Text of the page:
Throughout Penn’s “Graduate Student Appreciation Week” (4/3-4/7), GET-UP released testimonials from graduate student workers on multiple issues they’ve experienced while at Penn, and what a union could do to help solve them. You can see a recap of the issues discussed during the first week here and during the second week here.
The donuts from “Graduate Student Appreciation Week” may be gone, but we’re going to keep on releasing issues for the next week. Today, we’re talking about Diversity:
This week, English 1st year PhD student Jeremy Gallion tells us why he joined GET-UP. Do you want to share your story? Get in touch! #getupgrads
“GET-UP gives students of color and their families a stronger voice in combating profiling and discrimination across campus, whether it be from Penn employees, students, or faculty.”
Posted by GET-UP on Wednesday, April 26, 2017
- Petition for a Fair and Democratic Union Election (3/23/2017) - GET-UP invites all members of the University of Pennsylvania community, including graduate workers, undergrads, staff, and faculty, as well as supporters of union democracy throughout the City of Philadelphia and beyond, to join us in this petition asking that the university remain neutral as we move to certify our union in an election. Text of …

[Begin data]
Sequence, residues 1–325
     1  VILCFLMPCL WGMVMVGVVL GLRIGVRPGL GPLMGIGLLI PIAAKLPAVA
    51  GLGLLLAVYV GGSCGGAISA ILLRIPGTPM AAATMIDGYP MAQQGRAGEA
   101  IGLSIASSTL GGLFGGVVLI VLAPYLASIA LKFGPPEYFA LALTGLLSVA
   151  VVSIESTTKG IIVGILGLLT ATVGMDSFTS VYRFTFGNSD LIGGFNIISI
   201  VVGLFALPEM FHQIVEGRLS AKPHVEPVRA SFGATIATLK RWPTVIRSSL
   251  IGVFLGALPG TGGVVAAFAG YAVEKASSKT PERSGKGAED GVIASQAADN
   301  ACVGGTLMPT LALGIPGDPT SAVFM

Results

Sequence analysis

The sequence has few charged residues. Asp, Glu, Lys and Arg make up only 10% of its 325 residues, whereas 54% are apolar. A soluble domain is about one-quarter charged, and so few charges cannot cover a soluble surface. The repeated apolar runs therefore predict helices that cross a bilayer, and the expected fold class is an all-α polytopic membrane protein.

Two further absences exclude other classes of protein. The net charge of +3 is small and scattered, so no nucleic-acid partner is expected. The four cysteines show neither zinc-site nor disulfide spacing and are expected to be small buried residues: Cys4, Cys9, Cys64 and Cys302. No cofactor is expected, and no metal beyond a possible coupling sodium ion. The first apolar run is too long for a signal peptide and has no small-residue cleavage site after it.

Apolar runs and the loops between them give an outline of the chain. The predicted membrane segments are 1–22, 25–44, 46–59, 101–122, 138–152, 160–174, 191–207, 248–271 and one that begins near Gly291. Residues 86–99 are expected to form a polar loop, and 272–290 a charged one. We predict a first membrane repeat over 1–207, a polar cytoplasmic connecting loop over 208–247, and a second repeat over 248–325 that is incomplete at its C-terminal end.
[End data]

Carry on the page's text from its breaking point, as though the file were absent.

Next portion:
Statement of Faculty Support for GET-UP efforts:
As faculty members of the University of Pennsylvania, we welcome efforts being made by GET-UP to unionize the graduate student workers (GSWs) in our university. We believe that graduate students have the right to unionize, a right confirmed by the National Labor Relations Board (NLRB). GET-UP has been active in organizing a union for over a decade now, and while their earlier effort was stymied by the then NLRB, recent NLRB rulings have allowed them to revive their mobilizing drive.
GET-UP is not just a group of graduate students, a campaign to be recognized as employees, and a venue for grievances: we are a union. A union is both a community of interest that unites for the purposes of collectively bargaining a contract and a collective of people who have each other’s backs. We believe that a contract produced by collective bargaining could address general and specific issues facing graduate students, as well as guarantee more democratic avenues for grads to participate in the institution.